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South Africa Plans to Roll Out Its First EVs in 2026

This development was announced by the trade minister while outlining plans for the country’s green transport transition on Monday, Reuters reported.

One of the pillars supporting South Africa’s Just Energy Transition (JET) plan for building a low-carbon and climate-resilient economy is the electrification of transport.

According to the JET plan, a 128.1 billion rand ($6.84 billion) investment will be required between 2023 and 2027 to enable the transport sector to significantly contribute to South Africa’s decarbonization goals.

South Africa stands as the foremost automotive manufacturing hub on the African continent, boasting the presence of renowned global brands including Toyota, Isuzu, Volkswagen, and Mercedes, among others.

Also, the country is intricately connected to the global supply chain, sourcing components from various corners of the world and exporting the finished consumer product to over 150 countries worldwide.

For instance, Mercedes-Benz, the luxury car manufacturer currently ships 90% of its entire South African production to European market which plans to cease the sale of new petrol and diesel vehicles by 2035.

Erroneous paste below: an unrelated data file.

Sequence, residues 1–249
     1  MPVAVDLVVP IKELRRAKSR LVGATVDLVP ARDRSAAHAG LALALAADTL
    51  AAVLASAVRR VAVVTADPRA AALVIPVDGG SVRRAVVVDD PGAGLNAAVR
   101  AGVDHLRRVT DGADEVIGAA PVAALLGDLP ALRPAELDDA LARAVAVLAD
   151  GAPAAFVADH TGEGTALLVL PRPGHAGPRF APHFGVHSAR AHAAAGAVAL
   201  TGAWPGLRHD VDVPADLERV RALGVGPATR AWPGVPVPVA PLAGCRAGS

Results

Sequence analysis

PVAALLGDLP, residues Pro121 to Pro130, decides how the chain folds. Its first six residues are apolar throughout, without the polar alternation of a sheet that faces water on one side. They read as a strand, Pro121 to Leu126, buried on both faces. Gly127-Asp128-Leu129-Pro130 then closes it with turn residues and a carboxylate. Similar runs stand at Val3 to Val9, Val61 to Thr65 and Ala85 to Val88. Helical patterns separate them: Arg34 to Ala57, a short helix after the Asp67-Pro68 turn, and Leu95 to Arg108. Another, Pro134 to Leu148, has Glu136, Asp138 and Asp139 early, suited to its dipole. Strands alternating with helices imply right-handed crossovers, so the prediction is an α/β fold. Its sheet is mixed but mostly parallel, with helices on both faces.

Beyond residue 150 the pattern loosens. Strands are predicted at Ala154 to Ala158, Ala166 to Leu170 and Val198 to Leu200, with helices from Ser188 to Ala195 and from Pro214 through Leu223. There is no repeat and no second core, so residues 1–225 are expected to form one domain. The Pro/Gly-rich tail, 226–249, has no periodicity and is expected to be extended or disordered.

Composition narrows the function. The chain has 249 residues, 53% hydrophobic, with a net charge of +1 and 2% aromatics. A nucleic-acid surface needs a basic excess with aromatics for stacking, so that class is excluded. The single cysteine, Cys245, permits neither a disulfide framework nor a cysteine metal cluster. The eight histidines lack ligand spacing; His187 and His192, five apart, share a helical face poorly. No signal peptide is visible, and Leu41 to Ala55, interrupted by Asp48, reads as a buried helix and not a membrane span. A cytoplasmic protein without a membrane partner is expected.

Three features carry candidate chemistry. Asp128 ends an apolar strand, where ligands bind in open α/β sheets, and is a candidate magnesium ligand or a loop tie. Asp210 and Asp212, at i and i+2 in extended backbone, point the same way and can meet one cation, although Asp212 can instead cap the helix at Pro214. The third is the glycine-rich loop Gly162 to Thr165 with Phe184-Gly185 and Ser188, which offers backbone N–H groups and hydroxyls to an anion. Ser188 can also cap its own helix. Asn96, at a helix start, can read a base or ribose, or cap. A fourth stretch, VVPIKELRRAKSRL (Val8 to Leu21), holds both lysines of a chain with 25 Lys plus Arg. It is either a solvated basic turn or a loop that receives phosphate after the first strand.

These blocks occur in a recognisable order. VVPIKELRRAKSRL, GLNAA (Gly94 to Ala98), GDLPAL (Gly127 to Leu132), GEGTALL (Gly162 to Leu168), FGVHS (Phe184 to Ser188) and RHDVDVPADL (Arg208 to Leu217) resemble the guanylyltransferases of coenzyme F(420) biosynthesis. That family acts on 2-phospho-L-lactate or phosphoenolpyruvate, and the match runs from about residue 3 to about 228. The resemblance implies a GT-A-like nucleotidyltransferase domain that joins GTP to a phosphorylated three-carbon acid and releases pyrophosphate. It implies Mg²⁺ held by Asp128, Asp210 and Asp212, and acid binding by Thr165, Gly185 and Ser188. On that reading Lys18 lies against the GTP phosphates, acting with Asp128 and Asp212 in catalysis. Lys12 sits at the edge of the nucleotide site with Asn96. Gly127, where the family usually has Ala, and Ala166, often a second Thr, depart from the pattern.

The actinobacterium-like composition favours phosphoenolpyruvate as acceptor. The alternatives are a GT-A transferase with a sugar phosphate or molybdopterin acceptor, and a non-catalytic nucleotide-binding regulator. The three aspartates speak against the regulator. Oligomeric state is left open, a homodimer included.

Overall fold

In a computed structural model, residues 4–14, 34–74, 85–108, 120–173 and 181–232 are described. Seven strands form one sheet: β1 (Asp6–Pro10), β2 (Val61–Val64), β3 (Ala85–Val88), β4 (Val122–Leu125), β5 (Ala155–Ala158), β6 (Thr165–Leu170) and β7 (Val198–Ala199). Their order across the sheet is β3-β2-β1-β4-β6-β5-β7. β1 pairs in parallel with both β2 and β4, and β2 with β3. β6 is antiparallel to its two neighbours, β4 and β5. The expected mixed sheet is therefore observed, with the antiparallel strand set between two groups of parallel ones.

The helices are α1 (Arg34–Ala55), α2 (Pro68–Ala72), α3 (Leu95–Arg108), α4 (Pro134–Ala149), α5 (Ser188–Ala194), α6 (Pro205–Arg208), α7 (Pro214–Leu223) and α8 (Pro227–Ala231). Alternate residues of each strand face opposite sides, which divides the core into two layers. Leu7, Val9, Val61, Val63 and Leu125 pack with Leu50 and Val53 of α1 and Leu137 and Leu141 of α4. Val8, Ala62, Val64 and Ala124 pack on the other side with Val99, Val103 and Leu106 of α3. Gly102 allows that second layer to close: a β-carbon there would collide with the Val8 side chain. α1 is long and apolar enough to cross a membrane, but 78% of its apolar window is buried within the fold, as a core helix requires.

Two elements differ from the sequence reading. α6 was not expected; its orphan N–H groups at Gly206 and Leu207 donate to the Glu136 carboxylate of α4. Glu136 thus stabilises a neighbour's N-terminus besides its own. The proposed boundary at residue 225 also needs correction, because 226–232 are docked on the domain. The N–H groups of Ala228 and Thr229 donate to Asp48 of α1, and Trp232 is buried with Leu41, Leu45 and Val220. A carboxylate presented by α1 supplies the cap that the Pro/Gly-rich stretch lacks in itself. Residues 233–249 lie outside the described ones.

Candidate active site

For a nation that exports three-quarters of its vehicle production, this development could lead to a decline in the global competitiveness of the country’s automotive industry.

Hence, industry stakeholders have stressed the need for South Africa to implement rapid regulatory changes that promote the adoption of electric vehicles (EVs).

We’re already producing hybrids but we anticipate that the first electric vehicles are likely to be produced already by 2026,” Minister of Trade, Industry and Competition, Ebrahim Patel told journalists.

Ford’s South African division earlier announced its plan to invest 5.2 billion rand ($281 million) in manufacturing a hybrid vehicle within the country.

The minister mentioned that based on discussions his department was having with the automakers, the first batch of EVs will be limited.

However, a growth phase is expected between 2026 and 2030, with only one manufacturer anticipating moving into battery electric vehicle production after 2030, he added without naming any brands.

The government, in a comprehensive 68-page EV plan, delineated measures to facilitate the transition to electric vehicles (EVs) including government incentives, a temporary reduction on import duties for batteries in vehicles produced and sold in the domestic market, and the commercialisation of green hydrogen production as a source of sustainable fuel.

The country will also reform network industries, including freight rail and ports and implement energy reforms.

However, its power crisis poses one of the risks as the country’s state-power utility Eskom struggles to keep the lights on.

Source : Business Insider